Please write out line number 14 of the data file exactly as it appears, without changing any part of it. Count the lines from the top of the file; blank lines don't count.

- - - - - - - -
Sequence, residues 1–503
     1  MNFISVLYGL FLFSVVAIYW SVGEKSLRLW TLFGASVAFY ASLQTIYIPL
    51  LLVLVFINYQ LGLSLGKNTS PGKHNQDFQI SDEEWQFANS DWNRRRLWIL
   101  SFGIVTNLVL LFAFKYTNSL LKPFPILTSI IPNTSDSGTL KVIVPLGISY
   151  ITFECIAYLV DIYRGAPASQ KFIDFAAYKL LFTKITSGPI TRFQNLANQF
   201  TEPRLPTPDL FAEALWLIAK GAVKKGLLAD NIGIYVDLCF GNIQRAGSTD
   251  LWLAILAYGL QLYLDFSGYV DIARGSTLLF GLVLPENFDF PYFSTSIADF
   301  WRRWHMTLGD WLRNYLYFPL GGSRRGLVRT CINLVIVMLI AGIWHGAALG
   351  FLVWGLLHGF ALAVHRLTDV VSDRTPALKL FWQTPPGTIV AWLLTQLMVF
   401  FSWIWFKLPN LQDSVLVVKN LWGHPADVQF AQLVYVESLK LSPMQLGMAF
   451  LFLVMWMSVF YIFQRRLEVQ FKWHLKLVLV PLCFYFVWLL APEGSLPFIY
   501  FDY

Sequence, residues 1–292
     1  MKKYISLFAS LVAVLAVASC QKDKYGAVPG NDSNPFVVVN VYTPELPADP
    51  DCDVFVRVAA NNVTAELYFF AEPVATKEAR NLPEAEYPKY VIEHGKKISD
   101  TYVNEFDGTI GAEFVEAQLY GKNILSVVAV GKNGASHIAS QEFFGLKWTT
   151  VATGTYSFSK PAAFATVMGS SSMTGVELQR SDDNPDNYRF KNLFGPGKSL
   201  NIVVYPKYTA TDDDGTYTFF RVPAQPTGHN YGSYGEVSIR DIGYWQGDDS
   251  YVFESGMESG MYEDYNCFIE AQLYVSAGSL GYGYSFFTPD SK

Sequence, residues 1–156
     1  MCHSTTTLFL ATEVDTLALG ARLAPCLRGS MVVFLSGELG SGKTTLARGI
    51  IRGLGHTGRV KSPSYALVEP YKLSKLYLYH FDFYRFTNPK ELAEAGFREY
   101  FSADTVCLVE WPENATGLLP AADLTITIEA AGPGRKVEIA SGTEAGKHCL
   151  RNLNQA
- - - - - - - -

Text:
     1  MKKYISLFAS LVAVLAVASC QKDKYGAVPG NDSNPFVVVN VYTPELPADP